A photo by Alejandro Escamilla. unsplash.com/photos/BbQLHCpVUqA
The Career Ready Mentoring program will help undergraduate students prepare for careers in a broad range of professional/study areas. You will be matched with a La Trobe University alumni who has achieved success in their career. Through a series of structured tasks, you will collaborate with them on setting and achieving learning goals.
Learn from your mentor’s experience and knowledge about:
career options and pathways
industry knowledge and skills
resumes, interviews, and job applications
employers and labour markets
We have more than 30 mentors from fields such as:
Business: management, marketing, accounting, finance, logistics, and HR
Education and teaching
Science research, engineering, and bio-medicine
Social services, public health, and social work
The program is 6 weeks long, beginning in November. You need to be available for regular meetings with your mentor, either in person or online.
It’s no secret that we in La Trobe Careers and Employability are big fans of Linkedin.com as a career development tool. So we were excited to see that Linkedin has released three fantastic ebooks specifically for students. These guides are not just instruction manuals for Linkedin itself; they include a lot of fantastic advice on how to discover and create 21st-century career paths. Continue reading
First impressions count, a lot. It may be superficial, but we humans form opinions of people and things almost instantly. The impression we form in those first few seconds can influence our opinion long after we have learned more information.
The dating app Tinder is based entirely on this aspect of human psychology. A quick glance at a profile picture and then swipe right on someone’s profile to indicate that you’d like to get to know more about them, or swipe left to pass and move onto the next person.
Reading resumes is similar. Studies have shown that recruiters spend just 6 seconds making a decision about a resume. That’s not enough time to read everything you’ve so carefully written, so a lot of it comes down to visual appeal.
It’s common knowledge that the majority of jobs are never advertised online. The exact percentage of hidden jobs is hard to pin down, but most agree that well over half of the jobs out there are filled through word-of-mouth. Even if the proportion of hidden jobs is exaggerated, being on the grapevine will give you a head start when opportunities come up.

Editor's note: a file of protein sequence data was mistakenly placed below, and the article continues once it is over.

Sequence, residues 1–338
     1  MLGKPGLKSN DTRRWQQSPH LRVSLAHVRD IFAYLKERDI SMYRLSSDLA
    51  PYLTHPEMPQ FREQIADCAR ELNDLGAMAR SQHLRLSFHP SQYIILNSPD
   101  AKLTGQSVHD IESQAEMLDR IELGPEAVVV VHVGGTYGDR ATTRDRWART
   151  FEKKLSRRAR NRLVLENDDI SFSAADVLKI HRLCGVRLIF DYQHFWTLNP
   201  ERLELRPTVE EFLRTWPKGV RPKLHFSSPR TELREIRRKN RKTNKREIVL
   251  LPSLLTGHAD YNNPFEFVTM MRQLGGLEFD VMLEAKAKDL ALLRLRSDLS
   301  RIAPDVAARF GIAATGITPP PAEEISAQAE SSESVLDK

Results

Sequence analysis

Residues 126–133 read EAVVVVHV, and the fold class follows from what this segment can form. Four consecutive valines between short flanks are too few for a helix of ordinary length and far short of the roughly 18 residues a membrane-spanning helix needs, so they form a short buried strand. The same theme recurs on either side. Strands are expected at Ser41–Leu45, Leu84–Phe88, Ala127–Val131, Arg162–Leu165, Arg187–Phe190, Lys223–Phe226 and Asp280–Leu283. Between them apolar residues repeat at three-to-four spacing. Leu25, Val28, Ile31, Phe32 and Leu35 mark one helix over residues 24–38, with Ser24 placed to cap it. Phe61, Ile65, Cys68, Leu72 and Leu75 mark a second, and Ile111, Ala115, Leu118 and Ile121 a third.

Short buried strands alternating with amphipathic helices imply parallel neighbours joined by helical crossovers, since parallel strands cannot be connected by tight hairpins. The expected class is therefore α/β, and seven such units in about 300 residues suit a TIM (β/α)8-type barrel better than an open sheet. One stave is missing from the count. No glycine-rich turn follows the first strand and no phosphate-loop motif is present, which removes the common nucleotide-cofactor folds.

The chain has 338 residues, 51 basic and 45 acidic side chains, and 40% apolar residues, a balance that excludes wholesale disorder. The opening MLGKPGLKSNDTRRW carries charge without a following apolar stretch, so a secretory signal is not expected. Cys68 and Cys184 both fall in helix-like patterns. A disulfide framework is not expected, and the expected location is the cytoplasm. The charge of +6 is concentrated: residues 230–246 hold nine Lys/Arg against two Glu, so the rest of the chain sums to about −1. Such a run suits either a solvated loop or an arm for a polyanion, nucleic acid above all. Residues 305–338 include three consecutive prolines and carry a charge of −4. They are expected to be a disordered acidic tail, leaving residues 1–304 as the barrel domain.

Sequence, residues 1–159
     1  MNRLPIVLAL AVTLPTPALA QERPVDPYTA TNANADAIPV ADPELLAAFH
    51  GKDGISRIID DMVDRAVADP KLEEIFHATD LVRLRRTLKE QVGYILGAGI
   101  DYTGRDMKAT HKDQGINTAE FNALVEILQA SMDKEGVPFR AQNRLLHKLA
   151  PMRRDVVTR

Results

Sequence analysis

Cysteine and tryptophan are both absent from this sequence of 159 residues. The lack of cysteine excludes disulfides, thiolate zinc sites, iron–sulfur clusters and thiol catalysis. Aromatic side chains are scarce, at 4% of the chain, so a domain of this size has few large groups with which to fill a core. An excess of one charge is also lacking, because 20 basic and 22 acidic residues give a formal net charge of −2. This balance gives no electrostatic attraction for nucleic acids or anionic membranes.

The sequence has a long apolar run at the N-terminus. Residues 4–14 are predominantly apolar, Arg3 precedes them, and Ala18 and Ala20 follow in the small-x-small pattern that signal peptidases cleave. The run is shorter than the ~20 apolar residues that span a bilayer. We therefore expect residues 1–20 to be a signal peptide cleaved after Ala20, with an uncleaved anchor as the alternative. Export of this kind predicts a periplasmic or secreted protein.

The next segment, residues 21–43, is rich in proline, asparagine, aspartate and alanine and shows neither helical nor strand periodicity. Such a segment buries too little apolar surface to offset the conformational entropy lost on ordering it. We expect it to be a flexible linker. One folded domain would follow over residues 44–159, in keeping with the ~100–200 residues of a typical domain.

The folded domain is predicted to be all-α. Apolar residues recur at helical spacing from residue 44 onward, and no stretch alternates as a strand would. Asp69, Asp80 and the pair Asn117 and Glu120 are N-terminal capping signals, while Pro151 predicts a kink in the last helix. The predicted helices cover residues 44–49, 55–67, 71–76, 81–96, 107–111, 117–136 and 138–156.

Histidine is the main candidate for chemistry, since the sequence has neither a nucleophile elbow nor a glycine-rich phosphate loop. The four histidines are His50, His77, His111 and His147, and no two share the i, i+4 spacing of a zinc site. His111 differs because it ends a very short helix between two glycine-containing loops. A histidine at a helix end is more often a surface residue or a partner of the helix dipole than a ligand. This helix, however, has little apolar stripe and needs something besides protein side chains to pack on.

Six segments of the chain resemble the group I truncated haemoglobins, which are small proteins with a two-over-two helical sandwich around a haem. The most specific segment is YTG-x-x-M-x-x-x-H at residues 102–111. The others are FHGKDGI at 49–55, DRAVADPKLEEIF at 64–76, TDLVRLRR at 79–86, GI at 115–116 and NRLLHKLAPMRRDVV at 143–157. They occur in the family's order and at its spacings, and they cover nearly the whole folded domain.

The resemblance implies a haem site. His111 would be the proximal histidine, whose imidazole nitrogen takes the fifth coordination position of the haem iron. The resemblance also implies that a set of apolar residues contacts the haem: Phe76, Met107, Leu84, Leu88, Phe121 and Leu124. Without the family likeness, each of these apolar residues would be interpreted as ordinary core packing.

So, what exactly is the grapevine and how do you get on it?
“Subway Lines” by Marc Anderson, courtesy of thepatternlibrary.com
Qualifications for Urban and Regional Planners are in increasing demand as a range of related professions in real estate, local government and business seek to develop an understanding of planning issues. A shortage of trained planners has been felt at all levels of government, and notably in regional Australia.
The humble old Bachelor of Arts, among the oldest of all degrees, doesn’t get much love. It’s the butt of science and business students’ jokes, often with reference to a certain well known fast food company. It’s been called the Bugger All and Bumming Around degree.
Yet, people who did a BA are typically grateful that they did. They defend the quality of the education they received and point to numerous skills learned in their BA that they use in their professional lives.
This is in large part due to the nature of the skills that employers are screaming out for. Communication and interpersonal skills. Creativity and critical thinking. Cultural and values fit, and emotional intelligence. Mainstays of an education in the Arts and Humanities.
One of the most common questions that uni students ask career counsellors is “what can I do with my degree?”
An easy way to answer this question is to use Linkedin.com. Linkedin is the world’s biggest career-oriented social media network. It’s a lot more than just an online resume or a virtual contacts list. It’s also useful for exploring potential career pathways. Here’s the best way to get started.
A recent survey of over 1,800 respondents has revealed exactly how important networking is to finding job opportunities. The survey asked “how did you get your last job?” and the results are clear: networking is at the heart of any successful job search. As you can see in the chart above, more than half of the respondents cited networking as the most effective job search tactic.
Practice makes perfect. It’s a cliché, but it’s true. To make sure you put your best forward in a job interview, you must practice. To help you do this, La Trobe University is pleased to offer students a free account with Big Interview, an online job interview e-learning and interview practice website.